Hank and Susan Ashby received a call on Valentine’s Day 2010 that completely changed their lives… the call telling them that their 25-year old son, Jay Carter Ashby, had taken his own life.

Hank and Susan have wonderful memories of their son as a youngster with a big smile and easy laugh. He enjoyed sports, art, music, fishing and spending time with family. But like so many others, he gradually began to change, withdrawing from those who loved him, displaying mood swings and experiencing paranoia. In his early 20’s his symptoms became more pronounced and Jay was diagnosed with a schizoaffective disorder. He was seen by counselors and therapists, in and out of various public and private treatment facilities … but as time passed he became less aware of his need for treatment and medication and slipped further into his mental illness.

Hank and Susan tried desperately to find the help Jay needed but faced the barriers of the mental health system… not enough services to meet the need and lack of support in the legislature to fund the needed services. In the end, they lost their son because he gave up on life while waiting for an opening with the FACT team, a specialized program designed to help the persistently and severely mentally ill stay out of the jails and hospitals.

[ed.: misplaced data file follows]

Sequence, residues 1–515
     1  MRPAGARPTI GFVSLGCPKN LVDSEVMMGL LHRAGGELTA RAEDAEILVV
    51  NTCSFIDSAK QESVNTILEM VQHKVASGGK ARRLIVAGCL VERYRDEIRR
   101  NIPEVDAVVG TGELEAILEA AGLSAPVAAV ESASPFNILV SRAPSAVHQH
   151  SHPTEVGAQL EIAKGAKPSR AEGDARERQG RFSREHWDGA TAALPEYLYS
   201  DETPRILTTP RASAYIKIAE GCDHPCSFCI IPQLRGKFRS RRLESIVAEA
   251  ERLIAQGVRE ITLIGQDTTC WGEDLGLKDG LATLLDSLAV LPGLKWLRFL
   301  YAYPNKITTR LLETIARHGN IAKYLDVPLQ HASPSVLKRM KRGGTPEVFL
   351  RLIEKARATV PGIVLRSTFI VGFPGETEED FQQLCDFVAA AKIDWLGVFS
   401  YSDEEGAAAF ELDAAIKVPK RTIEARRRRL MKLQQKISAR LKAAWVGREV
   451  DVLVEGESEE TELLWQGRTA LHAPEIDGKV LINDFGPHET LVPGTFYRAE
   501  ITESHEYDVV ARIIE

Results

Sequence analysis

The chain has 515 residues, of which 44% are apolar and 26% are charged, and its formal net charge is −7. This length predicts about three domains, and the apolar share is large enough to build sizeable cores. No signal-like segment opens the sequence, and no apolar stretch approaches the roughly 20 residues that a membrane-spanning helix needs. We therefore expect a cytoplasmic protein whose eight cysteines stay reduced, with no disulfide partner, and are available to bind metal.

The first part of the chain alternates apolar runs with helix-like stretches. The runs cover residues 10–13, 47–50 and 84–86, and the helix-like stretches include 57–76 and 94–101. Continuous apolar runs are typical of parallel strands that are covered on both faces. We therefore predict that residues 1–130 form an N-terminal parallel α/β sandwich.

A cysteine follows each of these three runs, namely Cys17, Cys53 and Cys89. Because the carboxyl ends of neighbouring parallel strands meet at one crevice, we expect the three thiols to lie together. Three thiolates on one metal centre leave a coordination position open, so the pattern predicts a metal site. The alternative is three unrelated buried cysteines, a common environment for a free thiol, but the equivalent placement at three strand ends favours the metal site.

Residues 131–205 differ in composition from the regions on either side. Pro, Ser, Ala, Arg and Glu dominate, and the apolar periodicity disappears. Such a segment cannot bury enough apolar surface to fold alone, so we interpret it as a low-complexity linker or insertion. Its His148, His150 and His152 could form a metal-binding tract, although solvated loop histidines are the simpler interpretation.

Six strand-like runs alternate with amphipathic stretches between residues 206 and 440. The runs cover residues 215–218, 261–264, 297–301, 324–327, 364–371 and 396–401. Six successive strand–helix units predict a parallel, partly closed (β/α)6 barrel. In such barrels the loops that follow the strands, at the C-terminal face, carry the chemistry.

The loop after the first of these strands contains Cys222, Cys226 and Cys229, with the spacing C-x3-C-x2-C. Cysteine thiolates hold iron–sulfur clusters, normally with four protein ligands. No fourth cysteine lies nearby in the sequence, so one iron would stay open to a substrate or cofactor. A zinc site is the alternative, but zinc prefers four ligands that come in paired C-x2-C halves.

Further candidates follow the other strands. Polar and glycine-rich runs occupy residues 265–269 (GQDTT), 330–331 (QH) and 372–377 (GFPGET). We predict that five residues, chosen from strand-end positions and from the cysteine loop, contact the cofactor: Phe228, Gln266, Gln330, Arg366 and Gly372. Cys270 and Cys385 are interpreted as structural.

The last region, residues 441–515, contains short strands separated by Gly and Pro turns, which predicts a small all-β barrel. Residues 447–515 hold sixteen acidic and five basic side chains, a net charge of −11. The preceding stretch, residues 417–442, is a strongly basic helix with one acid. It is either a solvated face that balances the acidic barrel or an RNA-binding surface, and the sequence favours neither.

They grieved, learned to cope then decided to do something to prevent other families from going through the same heartbreak. They established the Jay’s Hope Fund through the Stewart-Marchman-Act Foundation in order to raise funds for advocacy, education, and hope for individuals and families facing the challenges of mental illness.

They want you to know that mental illness is a disease and NOT a choice. It’s nothing to be ashamed of. Mental illness can affect people of any age and in any family, regardless of race, gender, wealth or social status. Mental illness affects one in every four American families. Most of all, they want you to know there is HOPE.